Special corruption prosecutor won’t seek release of Harrell file
By Rick Brundrett
The special prosecutor assigned to investigate legislative corruption won’t seek the public release of the long-closed file on the former S.C. House speaker whose case launched the State House probe, according to an attorney representing news media in South Carolina.
The State Law Enforcement Division, which assisted special prosecutor David Pascoe, denied four open-records requests this year by The Nerve to release its investigative file on ex-Rep. Bobby Harrell, a Charleston County Republican who had served as the House speaker for more than nine years before his guilty plea in 2014 to ethics violations.
In its last denial, a SLED spokesman told The Nerve that after conferring with Pascoe, the agency determined the Harrell file was “confidential” under the state grand jury law.
Generally, investigative files in closed criminal cases are considered public records, excluding certain legally allowed exemptions, according to spokespersons at several police agencies surveyed this week by The Nerve.
After The Nerve in October reported about SLED’s denial of the state Freedom of Information Act requests, Jay Bender, the longtime attorney for the South Carolina Press Association, of which The Nerve is an associate member, said he would discuss the matter with Pascoe.
Bender informed The Nerve that Pascoe doesn’t believe that Harrell’s file can be released under the state grand jury law.
“There isn’t much he can do,” Bender said. “There is state law and, frankly, 200 years of precedent to keep grand jury matters secret except in extraordinary circumstances,” he said, adding, “I think this legislative corruption case report was an exceptional circumstance.”
Bender was referring to a state grand jury report into legislative corruption that Pascoe convinced Circuit Judge Clifton Newman – the presiding judge of the state grand jury – to release in October. In a related matter earlier this month, Pascoe filed a motion with Newman asking that blacked-out portions of the report be made public.
As has been his practice with The Nerve, Pascoe, a Democrat who is the 1st Circuit solicitor for Orangeburg, Calhoun and Dorchester counties, did not return a call this week seeking comment on the Harrell file. He was appointed to the case in July 2014 after Republican Attorney General Alan Wilson recused himself.
The Nerve has previously pointed out that Harrell – arguably the state’s most powerful lawmaker at the time – was indicted by a Richland County grand jury, not the state grand jury; and that the state grand jury report included exhibits of testimony and other grand jury evidence not related to the Harrell case – which normally are kept secret from the public.
Under state law, if the “court orders disclosure of matters occurring before a state grand jury, the disclosure must be made in that manner, at that time, and under those conditions as the court directs.”
The state grand jury report included, though it didn’t focus on, a separate summary report by SLED of the agency’s investigation into a formal ethics complaint filed in 2013 by the South Carolina Policy Council, the parent organization of The Nerve, against Harrell with the S.C. Attorney General’s Office. The Nerve this year sought the entire investigative file on the Harrell case to learn more about how SLED investigators dealt with Harrell’s:
• Use of his private airplane. Harrell pleaded guilty to six misdemeanor counts of using campaign funds to reimburse himself for expenses related to his plane;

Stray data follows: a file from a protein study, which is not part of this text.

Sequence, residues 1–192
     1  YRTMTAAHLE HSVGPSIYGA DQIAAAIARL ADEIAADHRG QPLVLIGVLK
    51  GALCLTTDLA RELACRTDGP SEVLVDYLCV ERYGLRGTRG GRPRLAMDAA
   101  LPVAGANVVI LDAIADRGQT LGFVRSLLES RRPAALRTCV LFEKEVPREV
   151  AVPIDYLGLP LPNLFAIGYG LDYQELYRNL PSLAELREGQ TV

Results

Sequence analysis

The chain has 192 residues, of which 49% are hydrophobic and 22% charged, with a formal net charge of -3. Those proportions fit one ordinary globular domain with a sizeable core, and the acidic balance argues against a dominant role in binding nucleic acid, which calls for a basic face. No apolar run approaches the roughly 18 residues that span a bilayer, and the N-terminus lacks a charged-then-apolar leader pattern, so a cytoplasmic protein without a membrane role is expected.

• Dealings with the state Board of Pharmacy on various matters involving his pharmaceutical business;
• Appointment of his brother, John Harrell, to the state Judicial Merit Selection Commission, which nominates judicial candidates for election in the Legislature;
• Connection to the Palmetto Leadership Council, a legislative political action committee; and
• Record keeping of campaign expenditures and reimbursements.
The state FOIA allows police files to be kept secret if their disclosure would “interfere with a prospective law enforcement proceeding.” It also allows certain redactions in released reports, such as to protect the identity of confidential informants.
In Harrell’s case, The Nerve sought SLED’s entire investigative file after he had finished his three years’ probation, though SLED said in initial responses earlier this year that it had “an active and ongoing investigation into this matter at this time.” The FOIA requests were narrowly tailored to exclude records relating to any pending investigations outside of Harrell, who resigned from office in October 2014 with his guilty plea.
“The rationale for the whole law enforcement exemption pretty much disappears completely once a case is concluded, said Adam Marshall, a lawyer with the Washington-based Reporters Committee for Freedom of the Press, when contacted by The Nerve. “The way to deal with anything else is through redactions and not through wholesale withholdings.”
At the Charleston and Greenville county sheriff’s offices and the Columbia Police Department, detective reports generally are considered public records – subject to redactions allowed under state or federal laws – after the cases are closed, department spokespersons told The Nerve.
“Our case file for an incident in which the defendant has been charged, adjudicated, waived all appeals, and completed his sentence would be subject to disclosure,” minus any legally allowed redactions, said Greenville County Sheriff’s Lt. Ryan Flood.
SLED – considered the state’s lead investigative agency – in the past has publicly released its closed case files under certain circumstances, such as officer-involved shootings it investigated.
Brundrett is the news editor of The Nerve (www.thenerve.org). Contact him at 803-254-4411 or firstname.lastname@example.org. Follow him on Twitter @RickBrundrett. Follow The Nerve on Facebook and Twitter @thenervesc.